On North America’s Pacific Northwest coast, masterfully designed canoes of various sizes and shapes were created. They were the primary mode of transportation for the region’s indigenous peoples until long after European colonization. Canoe-making has been revived in recent years, and a few have been built by various native nations. They have proven to be as seaworthy as those made in traditional times.
The canoes are carved from solid logs, most of which are red cedar, but some are Sitka spruce or cottonwood. After a steam-softening process, the boats were typically widened beyond the original diameter of the log by spreading the sides. Spreading does more than just make the canoe wider; it also causes major changes in form throughout the hull, which the canoe maker must account for when carving the log. Straight and level gunwales bend out and down smoothly, while the ends rise, forming a graceful sheer and transforming a rigidly narrow, hollow trough into an elegant watercraft.
The hull’s walls are made incredibly thin in order to spread without splitting. When the hull is finished, water is poured into it to a depth of about six inches and heated to boiling with red-hot rocks. The resulting steam is contained by mats covering the open hull. To keep the water at a boil, the hot rocks are replaced as needed. The softened sides, heated by the steam inside and the fires outside, begin to move outward, aided by the weight of water and rocks pressing down in the centre. Spreading sticks are tapped into place between the gunwales, moved to the ends, and lengthened in the centre as the sides flare outward. When the canoe has reached the desired beam and form, it is allowed to cool, the water is removed, and the thwarts, bow and stern blocks, and gunwale caps are fitted and fastened in place.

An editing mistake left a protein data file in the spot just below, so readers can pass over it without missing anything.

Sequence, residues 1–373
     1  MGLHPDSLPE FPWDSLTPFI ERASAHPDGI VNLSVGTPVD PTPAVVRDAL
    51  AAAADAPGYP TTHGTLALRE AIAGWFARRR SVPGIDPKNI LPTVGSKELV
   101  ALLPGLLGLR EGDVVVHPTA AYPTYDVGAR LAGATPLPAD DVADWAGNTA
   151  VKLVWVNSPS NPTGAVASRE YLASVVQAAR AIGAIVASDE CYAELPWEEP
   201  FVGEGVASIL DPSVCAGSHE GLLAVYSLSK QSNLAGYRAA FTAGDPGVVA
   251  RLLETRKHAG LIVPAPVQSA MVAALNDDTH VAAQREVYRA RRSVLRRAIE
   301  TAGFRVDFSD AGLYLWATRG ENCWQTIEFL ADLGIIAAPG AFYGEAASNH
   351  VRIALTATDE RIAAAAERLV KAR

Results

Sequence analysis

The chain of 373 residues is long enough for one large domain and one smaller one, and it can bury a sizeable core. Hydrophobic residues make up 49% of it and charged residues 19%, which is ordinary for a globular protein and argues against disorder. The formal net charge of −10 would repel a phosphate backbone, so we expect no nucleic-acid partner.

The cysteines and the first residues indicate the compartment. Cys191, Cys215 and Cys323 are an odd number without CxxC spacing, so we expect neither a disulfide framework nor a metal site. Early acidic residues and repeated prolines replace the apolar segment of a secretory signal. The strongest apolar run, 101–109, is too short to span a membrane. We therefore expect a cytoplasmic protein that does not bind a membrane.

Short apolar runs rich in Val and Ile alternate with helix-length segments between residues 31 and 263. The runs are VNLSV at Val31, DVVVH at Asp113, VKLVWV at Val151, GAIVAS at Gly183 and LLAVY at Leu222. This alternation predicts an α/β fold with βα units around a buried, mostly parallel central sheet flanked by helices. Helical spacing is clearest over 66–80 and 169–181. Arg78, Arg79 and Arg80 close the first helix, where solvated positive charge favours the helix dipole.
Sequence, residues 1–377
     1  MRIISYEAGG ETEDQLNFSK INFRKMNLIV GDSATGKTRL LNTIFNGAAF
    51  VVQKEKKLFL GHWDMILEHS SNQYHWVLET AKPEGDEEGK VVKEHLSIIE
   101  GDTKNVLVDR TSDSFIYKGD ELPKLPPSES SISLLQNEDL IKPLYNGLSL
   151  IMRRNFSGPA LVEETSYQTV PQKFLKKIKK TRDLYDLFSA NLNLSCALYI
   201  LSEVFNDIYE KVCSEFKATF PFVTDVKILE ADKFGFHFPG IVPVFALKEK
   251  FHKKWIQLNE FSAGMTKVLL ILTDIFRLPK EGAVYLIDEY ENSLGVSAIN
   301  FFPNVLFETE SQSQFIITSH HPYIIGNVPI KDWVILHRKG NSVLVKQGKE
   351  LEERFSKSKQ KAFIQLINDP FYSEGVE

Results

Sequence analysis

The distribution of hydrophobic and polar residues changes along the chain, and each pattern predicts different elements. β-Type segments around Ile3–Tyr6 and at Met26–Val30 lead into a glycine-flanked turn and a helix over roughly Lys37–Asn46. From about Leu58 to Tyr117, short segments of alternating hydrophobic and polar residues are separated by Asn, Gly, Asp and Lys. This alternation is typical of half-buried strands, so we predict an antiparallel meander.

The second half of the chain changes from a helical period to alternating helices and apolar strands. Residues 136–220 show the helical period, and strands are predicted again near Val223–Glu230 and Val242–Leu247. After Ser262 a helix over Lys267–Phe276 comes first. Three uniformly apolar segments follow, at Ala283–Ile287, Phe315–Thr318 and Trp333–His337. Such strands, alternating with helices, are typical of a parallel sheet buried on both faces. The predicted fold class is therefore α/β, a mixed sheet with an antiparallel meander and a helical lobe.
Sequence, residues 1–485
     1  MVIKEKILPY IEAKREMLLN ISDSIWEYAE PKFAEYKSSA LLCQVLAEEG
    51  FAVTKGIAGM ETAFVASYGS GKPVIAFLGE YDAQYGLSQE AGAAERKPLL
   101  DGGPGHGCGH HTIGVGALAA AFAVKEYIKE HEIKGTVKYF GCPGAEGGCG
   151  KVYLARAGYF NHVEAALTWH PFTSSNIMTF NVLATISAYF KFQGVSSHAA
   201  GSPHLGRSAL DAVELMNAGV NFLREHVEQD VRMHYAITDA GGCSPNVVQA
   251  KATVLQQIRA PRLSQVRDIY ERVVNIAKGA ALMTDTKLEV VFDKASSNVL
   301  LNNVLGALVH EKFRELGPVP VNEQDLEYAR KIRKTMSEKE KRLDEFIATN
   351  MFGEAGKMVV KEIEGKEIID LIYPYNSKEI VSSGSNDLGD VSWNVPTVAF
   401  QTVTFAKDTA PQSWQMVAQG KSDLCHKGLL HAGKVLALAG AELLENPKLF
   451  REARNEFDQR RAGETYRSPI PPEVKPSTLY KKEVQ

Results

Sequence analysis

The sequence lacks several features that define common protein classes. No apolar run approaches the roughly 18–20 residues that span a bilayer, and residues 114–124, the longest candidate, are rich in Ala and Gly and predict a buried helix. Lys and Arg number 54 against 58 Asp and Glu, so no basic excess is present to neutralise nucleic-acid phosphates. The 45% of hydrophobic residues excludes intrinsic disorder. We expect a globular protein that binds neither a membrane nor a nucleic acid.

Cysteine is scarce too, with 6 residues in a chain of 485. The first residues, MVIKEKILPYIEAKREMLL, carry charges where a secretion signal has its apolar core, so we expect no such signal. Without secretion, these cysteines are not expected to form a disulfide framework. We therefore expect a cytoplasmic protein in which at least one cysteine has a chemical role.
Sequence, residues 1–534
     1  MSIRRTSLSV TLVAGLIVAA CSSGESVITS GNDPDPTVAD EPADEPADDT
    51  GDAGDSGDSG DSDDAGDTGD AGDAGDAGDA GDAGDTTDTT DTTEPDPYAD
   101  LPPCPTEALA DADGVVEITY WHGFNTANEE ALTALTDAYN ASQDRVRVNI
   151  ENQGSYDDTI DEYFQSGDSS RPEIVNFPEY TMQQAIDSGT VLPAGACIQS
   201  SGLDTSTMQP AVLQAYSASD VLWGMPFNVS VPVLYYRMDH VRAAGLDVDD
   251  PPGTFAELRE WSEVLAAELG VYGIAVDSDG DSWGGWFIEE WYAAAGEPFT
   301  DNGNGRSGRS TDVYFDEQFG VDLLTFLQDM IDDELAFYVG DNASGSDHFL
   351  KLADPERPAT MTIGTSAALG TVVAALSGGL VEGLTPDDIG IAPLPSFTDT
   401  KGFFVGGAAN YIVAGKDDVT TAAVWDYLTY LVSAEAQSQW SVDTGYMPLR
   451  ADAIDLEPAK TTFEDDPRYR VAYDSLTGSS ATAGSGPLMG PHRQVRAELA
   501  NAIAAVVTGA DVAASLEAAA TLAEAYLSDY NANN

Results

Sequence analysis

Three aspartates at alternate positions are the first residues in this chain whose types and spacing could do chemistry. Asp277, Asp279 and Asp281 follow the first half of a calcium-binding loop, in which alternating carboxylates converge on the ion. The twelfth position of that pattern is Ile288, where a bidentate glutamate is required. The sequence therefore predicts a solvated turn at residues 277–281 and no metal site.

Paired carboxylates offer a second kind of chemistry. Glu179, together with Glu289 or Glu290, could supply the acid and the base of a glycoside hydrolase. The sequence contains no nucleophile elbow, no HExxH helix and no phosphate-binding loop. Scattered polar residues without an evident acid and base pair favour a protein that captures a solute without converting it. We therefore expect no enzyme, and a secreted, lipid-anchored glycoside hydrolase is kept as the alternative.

Large travelling and war canoes were frequently painted with designs associated with the canoes’ names or the owners’ crests.
The canoes were used to transport people and goods up and down the coast. They were used for trade, as war canoes, in competitions, and as fishing canoes. Emily Carr, who grew up in Victoria, British Columbia, recalls a regatta where the Indian races were the highlight. The ten-person canoes, with a steersman acting as coxswain, “flash[ed] through their races like running fire.” The Kloochman (“wife” in Chinook Jargon) race was “even grander” than the men’s, with the women giving “every scrap of themselves to the canoe” and working in complete harmony.